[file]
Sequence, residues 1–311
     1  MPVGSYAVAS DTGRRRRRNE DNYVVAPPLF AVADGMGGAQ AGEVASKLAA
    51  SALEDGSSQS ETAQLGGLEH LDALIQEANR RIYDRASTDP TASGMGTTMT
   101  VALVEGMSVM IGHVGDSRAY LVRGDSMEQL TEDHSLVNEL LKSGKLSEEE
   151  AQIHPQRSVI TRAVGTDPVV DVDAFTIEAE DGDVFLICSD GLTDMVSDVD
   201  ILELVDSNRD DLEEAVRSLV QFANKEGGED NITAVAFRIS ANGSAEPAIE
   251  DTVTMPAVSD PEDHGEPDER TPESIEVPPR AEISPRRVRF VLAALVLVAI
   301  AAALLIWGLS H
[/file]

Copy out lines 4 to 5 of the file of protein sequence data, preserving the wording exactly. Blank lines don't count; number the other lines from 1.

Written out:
   101  VALVEGMSVM IGHVGDSRAY LVRGDSMEQL TEDHSLVNEL LKSGKLSEEE
   151  AQIHPQRSVI TRAVGTDPVV DVDAFTIEAE DGDVFLICSD GLTDMVSDVD